Pakistan Court Charges Musharraf for Killing of Bhutto

Photographer: Farooq Naeem/AFP/Getty Images

A campaign poster for the party of Pervez Musharraf, former Pakistan's prime minister, who is facing a barrage of legal cases over his time in power, is displayed on a street in Islamabad on May 3, 2013. Close

A campaign poster for the party of Pervez Musharraf, former Pakistan's prime minister,... Read More

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Photographer: Farooq Naeem/AFP/Getty Images

A campaign poster for the party of Pervez Musharraf, former Pakistan's prime minister, who is facing a barrage of legal cases over his time in power, is displayed on a street in Islamabad on May 3, 2013.

A Pakistani court indicted Pervez Musharraf in the 2007 assassination of former Prime Minister Benazir Bhutto, escalating legal challenges to the ex-military dictator since he ended his self-exile in March.

Charges were read out to Musharraf that he was complicit in Bhutto’s killing as he failed to provide adequate security at a political rally she was attending, public prosecutor Chaudhary Mohammad Azhar told reporters after a brief court appearance by the former general.

“Musharraf was charged for murder, criminal conspiracy for murder and facilitation of murder,” Azhar said. “He denied the charges.” Six other people were also indicted and the hearing was adjourned till Aug. 27, state-run Pakistan Television reported, citing court proceedings.

Musharraf, who returned to Pakistan in an unsuccessful bid to contest May’s parliament election, is also facing possible prosecution over his suspension of the country’s constitution toward the end of his rule and the death of a Baluch separatist leader, Nawab Akbar Bugti. He has been kept under house arrest in Islamabad since his arrest April 19.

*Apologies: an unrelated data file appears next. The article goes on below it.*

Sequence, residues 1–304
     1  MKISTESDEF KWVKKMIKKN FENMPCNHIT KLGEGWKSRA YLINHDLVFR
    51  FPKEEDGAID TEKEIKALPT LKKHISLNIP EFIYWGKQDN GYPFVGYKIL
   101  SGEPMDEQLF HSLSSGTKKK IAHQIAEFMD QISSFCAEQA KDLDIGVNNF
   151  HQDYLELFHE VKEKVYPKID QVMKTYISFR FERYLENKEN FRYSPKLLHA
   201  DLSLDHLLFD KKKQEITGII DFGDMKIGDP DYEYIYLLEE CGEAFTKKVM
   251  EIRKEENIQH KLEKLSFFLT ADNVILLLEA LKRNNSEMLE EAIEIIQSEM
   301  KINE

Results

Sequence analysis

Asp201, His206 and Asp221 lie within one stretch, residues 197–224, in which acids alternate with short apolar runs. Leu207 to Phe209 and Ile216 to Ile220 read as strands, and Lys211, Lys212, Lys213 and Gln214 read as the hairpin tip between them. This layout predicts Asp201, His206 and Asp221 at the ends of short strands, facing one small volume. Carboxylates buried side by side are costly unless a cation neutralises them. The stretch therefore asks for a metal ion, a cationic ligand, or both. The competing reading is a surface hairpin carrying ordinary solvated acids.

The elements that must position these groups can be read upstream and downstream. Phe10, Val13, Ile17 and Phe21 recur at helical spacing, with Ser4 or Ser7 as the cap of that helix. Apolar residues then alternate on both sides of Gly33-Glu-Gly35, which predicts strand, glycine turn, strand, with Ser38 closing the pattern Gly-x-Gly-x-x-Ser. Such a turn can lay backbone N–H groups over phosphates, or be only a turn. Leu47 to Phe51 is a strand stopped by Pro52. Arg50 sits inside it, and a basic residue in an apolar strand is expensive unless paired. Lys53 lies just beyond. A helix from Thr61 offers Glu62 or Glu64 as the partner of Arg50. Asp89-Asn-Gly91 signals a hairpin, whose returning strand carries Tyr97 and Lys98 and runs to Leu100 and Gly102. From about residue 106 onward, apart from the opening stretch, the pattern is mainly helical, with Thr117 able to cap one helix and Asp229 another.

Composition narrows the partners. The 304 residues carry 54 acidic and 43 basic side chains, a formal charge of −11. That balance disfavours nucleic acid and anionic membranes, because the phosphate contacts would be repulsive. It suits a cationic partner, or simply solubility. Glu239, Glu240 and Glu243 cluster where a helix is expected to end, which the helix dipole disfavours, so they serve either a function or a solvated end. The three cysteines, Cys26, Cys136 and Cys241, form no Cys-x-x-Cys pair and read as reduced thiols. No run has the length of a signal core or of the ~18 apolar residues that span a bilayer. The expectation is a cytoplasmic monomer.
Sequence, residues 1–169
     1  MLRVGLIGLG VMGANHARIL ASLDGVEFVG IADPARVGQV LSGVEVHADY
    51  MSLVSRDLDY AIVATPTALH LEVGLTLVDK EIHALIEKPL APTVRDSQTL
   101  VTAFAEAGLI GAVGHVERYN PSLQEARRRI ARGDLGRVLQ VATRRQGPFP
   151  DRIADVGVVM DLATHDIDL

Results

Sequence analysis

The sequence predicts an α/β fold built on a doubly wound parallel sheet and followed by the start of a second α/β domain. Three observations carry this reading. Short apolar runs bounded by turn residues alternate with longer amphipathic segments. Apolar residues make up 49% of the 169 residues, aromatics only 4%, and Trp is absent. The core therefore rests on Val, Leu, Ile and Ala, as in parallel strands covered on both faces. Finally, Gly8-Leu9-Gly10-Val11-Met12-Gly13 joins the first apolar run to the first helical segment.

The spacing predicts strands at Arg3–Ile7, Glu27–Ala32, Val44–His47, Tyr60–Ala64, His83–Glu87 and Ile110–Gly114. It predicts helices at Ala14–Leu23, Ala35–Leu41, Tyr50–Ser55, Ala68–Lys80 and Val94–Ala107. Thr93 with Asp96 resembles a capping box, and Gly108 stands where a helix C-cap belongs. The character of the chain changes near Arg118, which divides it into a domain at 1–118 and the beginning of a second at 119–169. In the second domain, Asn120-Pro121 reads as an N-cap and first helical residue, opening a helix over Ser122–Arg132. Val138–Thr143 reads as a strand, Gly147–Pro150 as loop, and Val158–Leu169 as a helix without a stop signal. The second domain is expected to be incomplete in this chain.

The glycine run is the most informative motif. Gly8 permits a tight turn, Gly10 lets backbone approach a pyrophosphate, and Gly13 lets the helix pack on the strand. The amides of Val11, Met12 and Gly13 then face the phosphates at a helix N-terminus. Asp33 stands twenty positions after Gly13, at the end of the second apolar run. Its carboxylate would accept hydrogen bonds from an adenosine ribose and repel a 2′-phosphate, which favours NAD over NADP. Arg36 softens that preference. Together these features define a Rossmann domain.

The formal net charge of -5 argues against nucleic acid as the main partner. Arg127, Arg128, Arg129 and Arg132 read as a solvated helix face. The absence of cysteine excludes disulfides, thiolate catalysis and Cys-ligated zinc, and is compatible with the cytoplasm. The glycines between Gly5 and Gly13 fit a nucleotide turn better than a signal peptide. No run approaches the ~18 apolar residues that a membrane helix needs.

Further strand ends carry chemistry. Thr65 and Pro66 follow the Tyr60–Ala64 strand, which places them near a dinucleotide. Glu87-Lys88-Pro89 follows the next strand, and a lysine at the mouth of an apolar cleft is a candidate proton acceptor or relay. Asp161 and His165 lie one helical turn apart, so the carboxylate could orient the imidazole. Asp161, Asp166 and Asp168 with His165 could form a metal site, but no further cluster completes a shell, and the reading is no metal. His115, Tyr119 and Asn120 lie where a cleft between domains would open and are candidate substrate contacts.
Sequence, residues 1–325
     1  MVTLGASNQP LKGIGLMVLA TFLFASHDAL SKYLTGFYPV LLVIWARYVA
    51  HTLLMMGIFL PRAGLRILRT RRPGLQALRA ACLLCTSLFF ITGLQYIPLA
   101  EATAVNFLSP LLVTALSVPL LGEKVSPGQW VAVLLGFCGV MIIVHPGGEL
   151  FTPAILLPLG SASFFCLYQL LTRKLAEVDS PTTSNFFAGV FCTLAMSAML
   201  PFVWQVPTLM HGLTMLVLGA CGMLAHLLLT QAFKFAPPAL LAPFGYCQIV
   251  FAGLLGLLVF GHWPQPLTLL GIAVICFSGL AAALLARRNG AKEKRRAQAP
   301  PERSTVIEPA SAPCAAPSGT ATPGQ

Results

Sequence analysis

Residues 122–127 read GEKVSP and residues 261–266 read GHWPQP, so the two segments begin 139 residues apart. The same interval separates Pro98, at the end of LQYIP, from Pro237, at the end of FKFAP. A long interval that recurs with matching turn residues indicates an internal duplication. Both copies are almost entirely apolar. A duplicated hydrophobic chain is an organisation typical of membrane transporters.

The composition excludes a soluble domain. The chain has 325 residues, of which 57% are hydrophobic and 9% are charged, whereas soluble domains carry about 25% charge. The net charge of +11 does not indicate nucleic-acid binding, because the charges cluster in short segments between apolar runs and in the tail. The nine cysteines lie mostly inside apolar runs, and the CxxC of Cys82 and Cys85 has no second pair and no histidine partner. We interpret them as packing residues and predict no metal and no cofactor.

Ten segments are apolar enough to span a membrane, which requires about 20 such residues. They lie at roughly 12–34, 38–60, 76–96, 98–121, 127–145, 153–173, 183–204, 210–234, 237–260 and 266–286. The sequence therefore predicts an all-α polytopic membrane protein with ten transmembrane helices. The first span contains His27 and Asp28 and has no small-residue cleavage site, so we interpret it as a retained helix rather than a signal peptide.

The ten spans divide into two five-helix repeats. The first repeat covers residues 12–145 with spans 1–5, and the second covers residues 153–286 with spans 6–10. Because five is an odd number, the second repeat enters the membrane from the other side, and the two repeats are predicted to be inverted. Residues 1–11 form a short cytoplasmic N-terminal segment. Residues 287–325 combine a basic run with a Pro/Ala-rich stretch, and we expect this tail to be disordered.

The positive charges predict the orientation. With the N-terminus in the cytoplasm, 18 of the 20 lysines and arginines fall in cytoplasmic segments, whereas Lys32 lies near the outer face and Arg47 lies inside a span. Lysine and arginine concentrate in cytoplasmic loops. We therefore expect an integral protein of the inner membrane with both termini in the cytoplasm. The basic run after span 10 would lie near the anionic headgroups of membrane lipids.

The former president was brought to a special anti-terrorism court in Rawalpindi, near the capital, under tight security as he faced threats to his life, a defense lawyer, Afshan Adil, said outside the court. Musharraf survived at least four assassination attempts by Islamic extremists while in power from 1999 to 2008.

Political Comeback

The former army chief seized power after overthrowing the government of Prime Minister Nawaz Sharif in a 1999 coup and stepped down as president in 2008 to avoid impeachment charges. He left Pakistan and lived mainly in London and Dubai for more than four years.

Bidding for a political comeback, Musharraf vowed to fight the election that brought Sharif back to power in May, only to be barred from standing by poll officials citing his emergency decree of 2007.

Bhutto was killed in a gun and suicide bomb attack at a rally in Rawalpindi in December 2007. A United Nations report, released in 2010, said her death may have been prevented had security forces taken proper steps after death threats were made against her.

Musharraf’s administration said former Pakistani Taliban leader Baitullah Mehsud ordered Bhutto’s murder after she criticized the Taliban for terrorist attacks in Pakistan and announced she would help the U.S. eliminate the group.

The Pakistani chief prosecutor investigating the Bhutto case was shot dead May 3 by unidentified gunmen in Islamabad while he was heading for a hearing.

To contact the reporter on this story: Augustine Anthony in Islamabad at aanthony9@bloomberg.net

To contact the editor responsible for this story: Rosalind Mathieson at rmathieson3@bloomberg.net

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